The number of customers affected by the recent T-Mobile data breach continues to grow.
On Friday T-Mobile disclosed that it determined data for an additional 5.3 million current postpaid customer accounts, as well has more than half a million former T-Mobile customers, was accessed by hackers as the investigation into a massive breach continues.
T-Mobile provided the updated figures in an 8-K filing with the Securities and Exchange Commission (SEC).
Earlier this week, T-Mobile had already found that personal information for 7.8 million postpaid, 850,000 active prepaid, and more than 40 million former and prospective customers was stolen.
Unlike data hacked in the earlier disclosed postpaid accounts, the ones confirmed Friday did not have any social security numbers, or driver’s license and ID information compromised, T-Mobile said in the August 20 SEC filing. However, hackers did access customer names, addresses, date of birth, phone numbers, IMEIs and IMSIs (the usual identifiers associated with a mobile phone).
Additionally, the carrier said Friday that 667,000 more accounts for former T-Mobile customers were breached, with hackers obtaining names, phone numbers, addresses and dates of birth.
The names of up to 52,000 current Metro by T-Mobile accounts may have also been exposed. Previously, only certain T-Mobile prepaid subscribers were compromised, including PINs – and the carrier said similar information from additional inactive prepaid accounts was also accessed. No information for former Sprint prepaid or Boost Mobile customers was accessed.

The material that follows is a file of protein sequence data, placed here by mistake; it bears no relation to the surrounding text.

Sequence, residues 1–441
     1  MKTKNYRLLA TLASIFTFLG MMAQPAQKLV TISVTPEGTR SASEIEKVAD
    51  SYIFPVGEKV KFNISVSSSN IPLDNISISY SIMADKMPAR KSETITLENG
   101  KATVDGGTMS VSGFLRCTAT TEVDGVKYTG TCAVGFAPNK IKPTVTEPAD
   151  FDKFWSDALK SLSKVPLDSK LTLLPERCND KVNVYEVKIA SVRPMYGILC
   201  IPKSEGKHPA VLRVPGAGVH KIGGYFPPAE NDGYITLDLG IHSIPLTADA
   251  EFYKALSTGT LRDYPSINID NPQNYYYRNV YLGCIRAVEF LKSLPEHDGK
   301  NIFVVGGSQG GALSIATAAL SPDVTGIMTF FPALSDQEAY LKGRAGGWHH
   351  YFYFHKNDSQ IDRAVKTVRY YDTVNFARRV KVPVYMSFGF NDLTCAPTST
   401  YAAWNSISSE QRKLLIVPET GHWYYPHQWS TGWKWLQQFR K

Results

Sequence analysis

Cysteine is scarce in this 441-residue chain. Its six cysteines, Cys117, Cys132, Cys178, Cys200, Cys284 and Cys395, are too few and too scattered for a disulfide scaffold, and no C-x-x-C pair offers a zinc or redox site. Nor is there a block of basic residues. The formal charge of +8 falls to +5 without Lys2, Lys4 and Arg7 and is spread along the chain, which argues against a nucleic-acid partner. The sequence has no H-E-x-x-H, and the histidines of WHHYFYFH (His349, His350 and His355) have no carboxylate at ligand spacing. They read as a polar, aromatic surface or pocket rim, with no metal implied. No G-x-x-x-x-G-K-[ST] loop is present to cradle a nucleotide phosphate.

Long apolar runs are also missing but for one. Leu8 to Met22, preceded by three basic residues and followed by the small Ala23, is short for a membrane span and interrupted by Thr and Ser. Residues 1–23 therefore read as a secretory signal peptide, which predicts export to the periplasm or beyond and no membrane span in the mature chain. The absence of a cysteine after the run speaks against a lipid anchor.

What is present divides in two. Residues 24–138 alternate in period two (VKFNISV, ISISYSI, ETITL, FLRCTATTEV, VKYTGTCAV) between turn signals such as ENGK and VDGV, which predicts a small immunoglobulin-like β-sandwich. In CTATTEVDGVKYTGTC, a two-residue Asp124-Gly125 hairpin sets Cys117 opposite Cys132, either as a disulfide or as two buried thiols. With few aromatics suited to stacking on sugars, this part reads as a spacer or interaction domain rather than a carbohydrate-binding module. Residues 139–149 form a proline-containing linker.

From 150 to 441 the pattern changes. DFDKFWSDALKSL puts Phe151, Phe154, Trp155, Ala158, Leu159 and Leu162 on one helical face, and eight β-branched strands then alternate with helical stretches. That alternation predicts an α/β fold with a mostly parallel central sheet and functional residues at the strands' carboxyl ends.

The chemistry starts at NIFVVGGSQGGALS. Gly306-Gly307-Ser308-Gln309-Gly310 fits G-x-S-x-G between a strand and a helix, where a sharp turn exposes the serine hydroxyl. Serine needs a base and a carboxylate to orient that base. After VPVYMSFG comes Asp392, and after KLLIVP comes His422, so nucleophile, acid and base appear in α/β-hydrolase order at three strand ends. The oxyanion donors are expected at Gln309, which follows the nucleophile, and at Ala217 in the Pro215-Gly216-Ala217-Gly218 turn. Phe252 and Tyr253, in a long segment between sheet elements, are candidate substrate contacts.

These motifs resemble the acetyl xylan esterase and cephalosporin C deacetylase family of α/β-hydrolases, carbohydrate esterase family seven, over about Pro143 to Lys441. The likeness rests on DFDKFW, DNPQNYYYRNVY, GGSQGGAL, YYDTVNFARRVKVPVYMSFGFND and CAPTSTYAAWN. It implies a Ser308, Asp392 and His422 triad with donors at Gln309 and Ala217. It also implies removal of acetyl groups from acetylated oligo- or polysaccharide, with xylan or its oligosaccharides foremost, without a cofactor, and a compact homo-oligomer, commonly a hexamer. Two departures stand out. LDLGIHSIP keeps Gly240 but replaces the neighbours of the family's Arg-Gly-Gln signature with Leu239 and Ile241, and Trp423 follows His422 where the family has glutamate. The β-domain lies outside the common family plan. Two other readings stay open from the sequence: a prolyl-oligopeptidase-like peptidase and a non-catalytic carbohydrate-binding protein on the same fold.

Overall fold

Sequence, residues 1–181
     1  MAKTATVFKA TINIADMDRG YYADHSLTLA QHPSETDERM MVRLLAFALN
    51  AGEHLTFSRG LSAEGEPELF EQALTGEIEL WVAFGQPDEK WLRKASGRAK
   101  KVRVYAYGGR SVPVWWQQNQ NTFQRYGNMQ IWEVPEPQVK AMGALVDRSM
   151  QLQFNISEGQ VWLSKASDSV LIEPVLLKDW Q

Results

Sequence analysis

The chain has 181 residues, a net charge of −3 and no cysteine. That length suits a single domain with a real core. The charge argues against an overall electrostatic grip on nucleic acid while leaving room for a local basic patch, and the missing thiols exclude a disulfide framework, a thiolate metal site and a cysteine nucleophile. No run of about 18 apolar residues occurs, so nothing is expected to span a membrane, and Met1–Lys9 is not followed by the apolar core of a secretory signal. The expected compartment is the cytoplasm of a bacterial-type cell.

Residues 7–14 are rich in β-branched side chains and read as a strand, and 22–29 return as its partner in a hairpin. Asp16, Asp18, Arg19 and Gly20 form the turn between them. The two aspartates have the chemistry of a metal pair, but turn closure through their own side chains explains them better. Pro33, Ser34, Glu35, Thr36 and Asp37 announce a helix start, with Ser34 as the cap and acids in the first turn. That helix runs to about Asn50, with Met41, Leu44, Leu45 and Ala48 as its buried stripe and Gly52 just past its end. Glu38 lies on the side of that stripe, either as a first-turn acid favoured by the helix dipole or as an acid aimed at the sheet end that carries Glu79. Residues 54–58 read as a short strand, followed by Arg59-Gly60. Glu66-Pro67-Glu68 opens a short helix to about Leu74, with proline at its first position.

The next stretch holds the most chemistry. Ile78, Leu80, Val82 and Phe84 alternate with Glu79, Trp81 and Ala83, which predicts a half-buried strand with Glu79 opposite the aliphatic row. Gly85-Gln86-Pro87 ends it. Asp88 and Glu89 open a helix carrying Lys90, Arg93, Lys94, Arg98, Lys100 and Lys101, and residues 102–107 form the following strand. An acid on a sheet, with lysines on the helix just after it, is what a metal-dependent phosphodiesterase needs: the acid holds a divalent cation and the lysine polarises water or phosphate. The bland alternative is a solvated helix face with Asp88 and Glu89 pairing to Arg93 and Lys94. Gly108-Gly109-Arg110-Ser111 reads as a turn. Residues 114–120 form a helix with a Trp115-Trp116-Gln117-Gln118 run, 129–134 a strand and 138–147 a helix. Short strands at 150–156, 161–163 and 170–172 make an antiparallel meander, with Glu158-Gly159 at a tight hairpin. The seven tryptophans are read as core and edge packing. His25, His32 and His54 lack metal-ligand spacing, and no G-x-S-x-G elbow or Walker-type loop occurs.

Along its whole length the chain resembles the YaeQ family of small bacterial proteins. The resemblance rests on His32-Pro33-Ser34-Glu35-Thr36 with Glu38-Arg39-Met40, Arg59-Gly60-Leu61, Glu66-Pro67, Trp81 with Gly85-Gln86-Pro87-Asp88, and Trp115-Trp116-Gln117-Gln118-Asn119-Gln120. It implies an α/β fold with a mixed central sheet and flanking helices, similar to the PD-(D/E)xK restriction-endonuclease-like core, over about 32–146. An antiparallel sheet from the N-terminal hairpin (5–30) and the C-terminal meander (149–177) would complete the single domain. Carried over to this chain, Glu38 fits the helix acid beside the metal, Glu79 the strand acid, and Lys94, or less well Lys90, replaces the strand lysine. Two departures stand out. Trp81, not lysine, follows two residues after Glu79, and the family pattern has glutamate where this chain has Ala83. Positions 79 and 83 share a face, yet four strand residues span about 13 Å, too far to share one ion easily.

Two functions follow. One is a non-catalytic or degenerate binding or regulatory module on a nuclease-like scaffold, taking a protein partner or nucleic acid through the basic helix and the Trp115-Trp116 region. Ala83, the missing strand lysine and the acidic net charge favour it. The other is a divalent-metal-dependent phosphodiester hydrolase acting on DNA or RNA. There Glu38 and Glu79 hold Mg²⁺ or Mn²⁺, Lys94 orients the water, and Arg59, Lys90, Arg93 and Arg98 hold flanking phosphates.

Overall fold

T-Mobile as of Friday had also determined additional data, including phone numbers, and IMEIS and IMSIs, was also illegally obtained for the 7.8 million postpaid accounts.
It still looks as though no customer financial information, credit card, debit or payment information was involved in the breach.
Vice’s Motherboard reported on claims of a data breach over the weekend, after posts surfaced in an underground online forum purporting to sell personal customer data. The hacker claimed to have information related to 100 million people, stolen from T-Mobile servers.
T-Mobile began an investigation into validity of the claims and has maintained confidence that the access points hackers used in the cyberattack were closed off. Late Monday evening the carrier confirmed a breach but didn’t immediately know the scale or the nature of information taken.
In its 8-K filing, T-Mobile noted that the new figures are information it knows to date but expects the investigation “will continue for some time.” The FCC has said it will investigate the customer data breach.
After the carrier determined earlier this week that data related to nearly 50 million people was involved, New Street Research analysts said they expected T-Mobile could face a fine of around $250 million.
In a Wednesday note to investors, New Street noted a drop in T-Mobile share value of about $5.3 billion on news of the breach.
The firm wrote “the loss of $5.3BN in value seems to imply that T-Mobile will have 1-2MM fewer customers as a result of the reputational damage inflicted by the breach.”
In 2015, T-Mobile found that personal information was stolen for 15 million people who applied for T-Mobile services when credit application vendor Experian’s systems were breached.